21 April 2021

When we look back through 2020 and 2021, the story may well be written to tell a narrative of a V-shaped recovery.

A recovery that, for some time, looked quite far in the distance, but once things started to improve, came back into focus sharper and larger than we’d expected.

It’s hard to imagine that many people had predicted that the property market in the UK would flatline, however, the performance was surprisingly strong throughout the year.

Similarly, whilst the economy entered recession briefly, many had wondered whether this may signal a more prolonged dip. As the country started to lift restrictions, however, the bounce back has been much better than many assumed it would be.

There are preliminary figures reported for retail from the opening last week that suggest many had bumper weeks, taking in huge amounts of revenue, even more than expected as cash rich and frustrated shoppers returned to the high street in droves.

The story appears to have been similar in many cities and towns across the country. That is to say, that they’ve coped much better than expected and are looking forward to a strong 2021 and beyond.

Manchester

No city seems to be a better example of this than Manchester, where local politicians and businesses are reporting that the local economy is bouncing back strongly, with figures suggesting a very strong return to some normality.

To underline this recovery plan, politicians and business leaders recently released their vision for Manchester in 2021, named ‘Building a Greater Manchester, Making a Greater Britain’.

The aim, as stated in the plan’s release, is to “bring together Greater Manchester’s public and private sectors, educational institutions and specialist facilities to attract research and development funding and drive economic growth. This will be particularly targeted at frontier sectors identified by the Local Industrial Strategy: health, digital, clean technologies and advanced manufacturing and materials.”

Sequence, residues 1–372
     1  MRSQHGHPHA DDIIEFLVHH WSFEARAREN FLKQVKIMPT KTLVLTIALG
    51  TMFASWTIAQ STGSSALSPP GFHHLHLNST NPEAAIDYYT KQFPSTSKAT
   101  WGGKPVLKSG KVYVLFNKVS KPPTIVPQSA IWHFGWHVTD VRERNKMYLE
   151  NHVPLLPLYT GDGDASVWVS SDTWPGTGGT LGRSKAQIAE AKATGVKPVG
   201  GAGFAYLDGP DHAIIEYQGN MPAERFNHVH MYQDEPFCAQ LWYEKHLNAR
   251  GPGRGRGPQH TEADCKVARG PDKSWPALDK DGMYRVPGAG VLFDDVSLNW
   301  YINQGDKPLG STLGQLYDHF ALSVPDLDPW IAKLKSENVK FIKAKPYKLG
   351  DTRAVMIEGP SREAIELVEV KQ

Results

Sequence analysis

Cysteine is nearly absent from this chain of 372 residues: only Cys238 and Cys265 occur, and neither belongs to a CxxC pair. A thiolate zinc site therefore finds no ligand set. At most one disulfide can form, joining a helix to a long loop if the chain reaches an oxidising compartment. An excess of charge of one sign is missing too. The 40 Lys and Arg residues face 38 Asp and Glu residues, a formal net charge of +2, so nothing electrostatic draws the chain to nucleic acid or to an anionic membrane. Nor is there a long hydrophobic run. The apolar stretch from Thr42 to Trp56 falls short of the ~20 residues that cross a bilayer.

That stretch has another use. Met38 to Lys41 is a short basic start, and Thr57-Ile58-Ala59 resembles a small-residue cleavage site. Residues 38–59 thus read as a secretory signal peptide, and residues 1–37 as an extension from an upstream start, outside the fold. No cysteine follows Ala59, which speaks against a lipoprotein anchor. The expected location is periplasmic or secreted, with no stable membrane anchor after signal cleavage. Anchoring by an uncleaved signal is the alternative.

This represents an exciting vision for the city and shows the city region’s ambition to return to the staggering growth from before the pandemic.

Whilst the city is rightly looking towards its business future, perhaps its strongest economic feature is the local property market.

Manchester property

In a report for the Financial Times, Antonia Cundy wrote of Manchester’s booming property market. In her report, titled “Manchester’s property prices keep moving on up”, Cundy writes about the remarkable success of the local housing market in such trying economic times.

Cundy also writes about the booming market for luxury apartments in and around the city, saying “This recent uptick in prices has surprised some experts, who had cautioned that record-breaking years of development between 2016 and 2018 could flood the market. Despite 35 schemes completing during 2020, according to Deloitte’s 2021 Manchester Crane Survey, bringing 5,000 new homes to market during a pandemic — the highest number in a single year since Deloitte’s records began in 2002 — prices have not dropped. The development of expensive, luxury homes has helped to keep prices high.”

This speaks of a truth that many in the city have known for some time, that a young and wealthy population which is growing quicker than anywhere else in the UK have been keeping demand for these types of property very high.

Despite Manchester constructing new-build apartments at a faster rate than nearly anywhere else in Europe, the city hasn’t seen prices drop and has also seen rents stay level during the pandemic despite London seeing rents drop by nearly 10%.

If we take this impressive performance in the context of the rest of the UK, and indeed Europe, and include the city’s plan to grow even faster in 2021, then it’s safe to conclude that 2021 and beyond could be some of the best years in recent history for the city’s property market.

With things standing so strong during a pandemic, it’s right to assume that many will now be looking to get more involved and gain more exposure to the Manchester property market, so now would seem to be the time to make your enquiries and bring forward those plans you may have to invest this year.

Will Leyland